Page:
The market for global location analytics is estimated to grow at a CAGR of 15.6% between 2019-2026, the absolute value rising from $10.8 billion in 2019 to $29.9 billion in 2026. The future is very promising with many tailwinds in attendance. Increasing adoption of future technologies, customers’ engagement with digital and social media, ever rising appreciation and felt need for predictive analytics, increasing adoption of location based applications by internet savvy netizens- in general growing usage of spatial data and analytical tools has created a very benign environment, and the demand for location analytics has deepened and broadened in an integrated manner, But an environment is always full of both promises and pitfalls, opportunities and challenges; tailwinds are obstructed by headwinds. Similar is the case here. Thus, there are issues like high initial expense of buying technology, increasing consciousness about data privacy, varying regulatory norms in different markets etc. Still when we confront drivers with dampeners, on balance the field is ripe for harvesting a rich crop. Precisely the reason why such reputed and adroit companies as SAS Institute, ESRI, Oracle, Pitney Bowers, Cisco, IBM,and a whole lot others have made a plunge in the little fished market, while others were preparing a route map. Let’s undertake a dispassionate analysis: on the driver’s side we have a long list inducing forces on the platter.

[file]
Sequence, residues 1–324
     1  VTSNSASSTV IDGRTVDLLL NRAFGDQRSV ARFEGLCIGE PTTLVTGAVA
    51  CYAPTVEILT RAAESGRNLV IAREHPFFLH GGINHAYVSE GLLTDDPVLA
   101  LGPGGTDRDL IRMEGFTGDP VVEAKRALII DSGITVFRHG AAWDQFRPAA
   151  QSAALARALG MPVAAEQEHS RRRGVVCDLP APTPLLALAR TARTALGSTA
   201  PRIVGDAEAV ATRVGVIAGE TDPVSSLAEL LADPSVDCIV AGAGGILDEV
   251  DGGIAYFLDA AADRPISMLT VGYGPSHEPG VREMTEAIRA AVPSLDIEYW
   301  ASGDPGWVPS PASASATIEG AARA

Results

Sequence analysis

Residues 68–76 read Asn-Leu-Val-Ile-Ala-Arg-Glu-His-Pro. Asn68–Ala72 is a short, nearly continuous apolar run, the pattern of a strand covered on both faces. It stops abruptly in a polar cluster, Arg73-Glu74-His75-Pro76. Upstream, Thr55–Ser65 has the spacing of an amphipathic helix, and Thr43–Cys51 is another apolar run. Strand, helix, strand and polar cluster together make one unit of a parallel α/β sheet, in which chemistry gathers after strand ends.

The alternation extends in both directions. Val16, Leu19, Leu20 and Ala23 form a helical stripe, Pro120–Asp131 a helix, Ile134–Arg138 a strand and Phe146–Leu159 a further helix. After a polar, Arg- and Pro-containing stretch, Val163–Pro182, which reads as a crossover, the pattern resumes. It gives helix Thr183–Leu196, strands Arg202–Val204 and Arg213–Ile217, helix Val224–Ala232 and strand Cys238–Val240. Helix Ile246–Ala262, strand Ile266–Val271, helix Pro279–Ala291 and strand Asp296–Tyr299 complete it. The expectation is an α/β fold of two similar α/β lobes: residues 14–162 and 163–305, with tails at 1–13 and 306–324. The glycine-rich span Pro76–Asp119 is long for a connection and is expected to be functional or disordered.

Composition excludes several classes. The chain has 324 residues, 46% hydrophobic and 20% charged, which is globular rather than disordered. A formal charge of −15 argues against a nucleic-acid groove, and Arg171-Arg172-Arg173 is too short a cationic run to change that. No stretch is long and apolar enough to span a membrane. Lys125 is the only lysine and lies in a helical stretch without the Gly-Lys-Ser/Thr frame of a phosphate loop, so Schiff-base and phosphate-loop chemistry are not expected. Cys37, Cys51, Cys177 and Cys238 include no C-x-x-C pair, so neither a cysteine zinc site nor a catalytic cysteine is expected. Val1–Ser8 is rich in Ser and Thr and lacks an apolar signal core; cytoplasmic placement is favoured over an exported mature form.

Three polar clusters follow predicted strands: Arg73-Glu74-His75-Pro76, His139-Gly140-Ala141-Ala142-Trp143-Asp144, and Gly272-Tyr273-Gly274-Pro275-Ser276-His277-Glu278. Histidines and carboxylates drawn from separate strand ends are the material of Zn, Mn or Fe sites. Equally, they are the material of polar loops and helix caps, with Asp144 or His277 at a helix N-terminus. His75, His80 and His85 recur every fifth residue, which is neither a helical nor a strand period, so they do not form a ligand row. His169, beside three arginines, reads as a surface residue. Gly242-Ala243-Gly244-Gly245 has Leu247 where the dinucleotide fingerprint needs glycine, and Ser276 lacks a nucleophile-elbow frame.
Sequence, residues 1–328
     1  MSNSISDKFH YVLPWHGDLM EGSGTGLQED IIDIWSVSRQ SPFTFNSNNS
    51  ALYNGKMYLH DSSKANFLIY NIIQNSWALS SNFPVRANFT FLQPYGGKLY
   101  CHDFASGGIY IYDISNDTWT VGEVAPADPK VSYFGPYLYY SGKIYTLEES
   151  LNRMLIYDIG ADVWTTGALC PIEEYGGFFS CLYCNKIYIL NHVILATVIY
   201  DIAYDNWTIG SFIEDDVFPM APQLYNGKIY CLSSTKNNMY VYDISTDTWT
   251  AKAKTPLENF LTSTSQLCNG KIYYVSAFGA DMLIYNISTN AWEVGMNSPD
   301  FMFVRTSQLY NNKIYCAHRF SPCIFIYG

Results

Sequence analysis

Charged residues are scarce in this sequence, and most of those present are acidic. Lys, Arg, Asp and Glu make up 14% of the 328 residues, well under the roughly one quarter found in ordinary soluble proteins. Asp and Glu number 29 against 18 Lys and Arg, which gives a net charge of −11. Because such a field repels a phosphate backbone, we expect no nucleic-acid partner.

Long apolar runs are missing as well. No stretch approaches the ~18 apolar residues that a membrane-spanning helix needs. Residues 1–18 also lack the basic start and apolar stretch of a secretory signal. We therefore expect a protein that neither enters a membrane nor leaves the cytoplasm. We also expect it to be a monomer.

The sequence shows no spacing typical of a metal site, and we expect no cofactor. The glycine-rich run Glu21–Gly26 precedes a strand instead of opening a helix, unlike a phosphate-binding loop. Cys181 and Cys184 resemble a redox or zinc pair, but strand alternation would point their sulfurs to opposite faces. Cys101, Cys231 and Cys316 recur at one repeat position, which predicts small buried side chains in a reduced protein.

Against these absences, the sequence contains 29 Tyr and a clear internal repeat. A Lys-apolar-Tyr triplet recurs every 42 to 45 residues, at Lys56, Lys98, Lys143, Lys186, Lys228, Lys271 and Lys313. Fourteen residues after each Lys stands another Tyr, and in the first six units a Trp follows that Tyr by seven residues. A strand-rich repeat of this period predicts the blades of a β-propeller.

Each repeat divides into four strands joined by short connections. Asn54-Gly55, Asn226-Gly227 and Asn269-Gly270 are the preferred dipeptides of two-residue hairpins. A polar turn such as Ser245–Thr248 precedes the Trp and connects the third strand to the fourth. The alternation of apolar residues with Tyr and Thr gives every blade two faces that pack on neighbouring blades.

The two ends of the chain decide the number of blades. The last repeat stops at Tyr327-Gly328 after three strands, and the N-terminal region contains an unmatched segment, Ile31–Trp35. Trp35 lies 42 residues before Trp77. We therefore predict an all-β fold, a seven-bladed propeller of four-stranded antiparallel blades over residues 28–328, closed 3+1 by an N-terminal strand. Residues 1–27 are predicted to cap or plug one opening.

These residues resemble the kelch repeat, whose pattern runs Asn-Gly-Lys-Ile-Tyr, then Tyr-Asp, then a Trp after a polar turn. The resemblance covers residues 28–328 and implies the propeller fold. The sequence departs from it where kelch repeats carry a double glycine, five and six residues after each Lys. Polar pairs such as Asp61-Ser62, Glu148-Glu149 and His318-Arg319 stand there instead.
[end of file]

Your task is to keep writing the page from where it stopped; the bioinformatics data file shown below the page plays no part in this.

First and foremost, is the increasing affinity towards up to the minute and futuristic technologies and innovations.
Latest buzzwords like analytics, cloud computing, connected devices, blockchain, artificial intelligence, robotics, machine learning are facts of life in fully developed form. Their deployment is no more a luxury, it is a necessity for survival and success of an organization. These disruptive technologies are being adopted in double quick time with a view to provide an enlightening customer experience with both efficiency and effectiveness. Second, the companies are turning from being intuition based to being data driven in all departments – decision making, product and service development, and the understanding of the world canvas. The humungous amount of data needs speed and agility as critical capabilities for its collection, collation, analysis, and deployment. Hence, the need for tools like machine learning, artificial intelligence and business analytics.
Second, the need for predictive analytics is growing.